Tel Aviv University researchers have developed a biological substitute for the treatment of tuberculosis, which in the future could serve as an alternative for the traditional “chemical” antibiotic therapy.
In the course of the new and groundbreaking study, led by Dr. Natalia Freund and the doctoral candidate Avia Waston at the Sackler Medical Faculty, the research group succeeded in isolating monoclonal antibodies, derived from single cells, which hindered the growth of tuberculosis germs in laboratory mice.
The antibodies were isolated from a patient who had contracted tuberculosis but had since recovered. This is, in fact, the first time in history that researchers have managed to develop a “biological antibiotic” and demonstrate that human monoclonal antibodies can act as a substitute for the traditional chemical antibiotics and protect mice from the pathogenic bacterial challenge.
The study was carried out in a collaboration with two additional laboratories from the US and China.
For the last century, antibiotics have served as the main treatment against germs, being both efficient and cheap. Antibiotics are chemical agents, which are designed to block and destroy specific cells, such as microbial cells. However, since some biological mechanisms are common to both human and microbial cells, the range of antibiotics that can safely be used without harming the patient is limited.
For example, cell wall components of many strains of microbes are common to human cells. Therefore, any damage caused to the microbial cell walls can lead to extensive damage to body systems.
Furthermore, in recent years, the number of microbial strains that are antibiotic resistant has increased, presenting new challenges of how to defend the body from microbes in the post-antibiotic era.
For these reasons, Dr. Natalia Freund and her laboratory team have spent the recent years searching for a biological substitute for known antibiotics.
Antibodies are proteins that are produced naturally by our immune response following infection or a vaccine. They harbor many advantages such as specificity, stability and safety. For these reasons, antibodies are in widespread use in the clinic for treatment of cancer, autoimmune diseases and viral infections such as COVID-19.
The research team chose Tuberculosis, which is caused by infection of the bacilli Mycobacterium tuberculosis, as a test model, and were successful, for the first time ever, in devising an effective treatment on the basis of anti-bacterial antibodies naturally developed during infection.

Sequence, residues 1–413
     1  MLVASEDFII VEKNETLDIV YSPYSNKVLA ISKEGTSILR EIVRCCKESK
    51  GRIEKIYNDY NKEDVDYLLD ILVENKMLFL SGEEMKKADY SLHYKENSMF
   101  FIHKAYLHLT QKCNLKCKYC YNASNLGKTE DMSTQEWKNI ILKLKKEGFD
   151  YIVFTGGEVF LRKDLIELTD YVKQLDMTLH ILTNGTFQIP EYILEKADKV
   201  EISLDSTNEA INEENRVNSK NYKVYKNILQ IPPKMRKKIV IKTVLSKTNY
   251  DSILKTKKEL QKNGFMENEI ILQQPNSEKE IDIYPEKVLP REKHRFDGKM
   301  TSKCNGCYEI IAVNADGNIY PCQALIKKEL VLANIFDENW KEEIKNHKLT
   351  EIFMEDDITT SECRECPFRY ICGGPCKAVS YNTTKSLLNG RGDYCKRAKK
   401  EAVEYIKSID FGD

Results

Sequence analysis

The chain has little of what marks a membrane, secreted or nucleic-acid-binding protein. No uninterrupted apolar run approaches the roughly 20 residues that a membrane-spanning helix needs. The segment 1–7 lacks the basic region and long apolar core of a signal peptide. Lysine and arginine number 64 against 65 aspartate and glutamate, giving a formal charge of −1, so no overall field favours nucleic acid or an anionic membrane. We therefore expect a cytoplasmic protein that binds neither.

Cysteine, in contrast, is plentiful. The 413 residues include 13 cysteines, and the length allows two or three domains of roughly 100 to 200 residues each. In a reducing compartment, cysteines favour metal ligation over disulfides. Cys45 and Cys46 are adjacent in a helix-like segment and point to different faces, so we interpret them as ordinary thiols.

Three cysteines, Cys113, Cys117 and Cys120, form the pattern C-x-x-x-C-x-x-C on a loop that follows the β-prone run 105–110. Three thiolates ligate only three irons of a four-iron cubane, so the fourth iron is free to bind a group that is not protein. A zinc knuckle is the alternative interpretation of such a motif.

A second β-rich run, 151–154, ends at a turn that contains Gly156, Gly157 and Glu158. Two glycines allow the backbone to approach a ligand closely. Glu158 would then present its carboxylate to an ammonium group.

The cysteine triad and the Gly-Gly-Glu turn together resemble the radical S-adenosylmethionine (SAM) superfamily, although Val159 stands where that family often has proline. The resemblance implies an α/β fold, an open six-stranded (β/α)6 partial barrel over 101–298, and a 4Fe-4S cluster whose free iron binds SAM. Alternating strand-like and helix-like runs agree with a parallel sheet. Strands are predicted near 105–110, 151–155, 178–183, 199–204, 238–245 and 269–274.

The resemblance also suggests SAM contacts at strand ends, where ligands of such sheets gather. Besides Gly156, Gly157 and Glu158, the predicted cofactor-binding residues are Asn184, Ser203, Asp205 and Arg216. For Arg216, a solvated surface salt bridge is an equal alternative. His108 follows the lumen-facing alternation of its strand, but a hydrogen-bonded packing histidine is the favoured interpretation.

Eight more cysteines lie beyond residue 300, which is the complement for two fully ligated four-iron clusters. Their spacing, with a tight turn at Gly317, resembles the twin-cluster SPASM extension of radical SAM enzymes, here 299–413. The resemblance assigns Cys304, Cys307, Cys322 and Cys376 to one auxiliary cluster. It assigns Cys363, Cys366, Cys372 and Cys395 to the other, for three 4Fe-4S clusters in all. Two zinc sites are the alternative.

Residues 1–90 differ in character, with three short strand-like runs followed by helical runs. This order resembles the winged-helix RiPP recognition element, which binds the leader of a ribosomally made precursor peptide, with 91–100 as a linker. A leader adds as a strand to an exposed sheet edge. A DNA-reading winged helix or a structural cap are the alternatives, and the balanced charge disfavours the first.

Another reason for the choice of tuberculosis is, that although the vaccine against tuberculosis was developed 100 years ago, and is based on the attenuated bacillus bovis (BCG) strain, it is not effective in adults and does not prevent infection.
In addition, in recent years, more varieties of disease have developed that are resistant to the only treatment that is currently available, namely, treatment with antibiotics. Since tuberculosis germs are very infectious, transferred in the air and detrimental to the lungs, the spread of resistant strains of tuberculosis that modern medicine cannot combat is a real danger.
Currently, approximately one-quarter of the world’s population is infected by tuberculosis, with the rates of drug-resistant strains peaking to as high as 40% in some countries. In Israel, there are about 200 active tuberculosis cases per year.
Dr. Natalia Freund explained that “new ways to kill bacteria are urgently needed. Advances in biological medicine have enabled us to rout the germs in new ways that are not based solely on antibiotics, and therefore allow a solution to the challenge posed by resistant germs.”
“Our study is an initial proof of concept of employing monoclonal antibodies as an effective therapy in combating bacterial pathogens,” said Dr. Freund.
It should be noted that owing to the size and complexity of the tuberculosis bacillus, isolation of monoclonal antibodies to it has been extremely challenging. The researchers in Freund’s laboratory have succeeded in pinpointing a phosphate pump protein on the bacillus cell wall, which supplies energy to the bacterium and is highly specific and conserved to all tuberculosis strains.
The two types of antibodies the researchers have isolated, which block the action of the pump, inhibit the bacteria growth and reduced the bacterial levels by 50% in mice as compared with mice that were not treated with antibodies.
Furthermore, these antibodies have been found to be active against three different strains of the tuberculosis bacillus; and seeing that the antibodies are directed against the phosphorus pump, which is common to all strains of this bacillus, it is expected that the vaccine will be effective against many other strains that were not investigated, including those that are resistant to antibiotics.
In view of the success of the study, Dr. Freund’s laboratory is investigating the possibility of extending the “biological” substitute for antibiotics to include other diseases.
“The model that has proven successful in this study will enable us to extend our future work to include other diseases such as pneumonia and staphylococcus infections,” Freund concluded.
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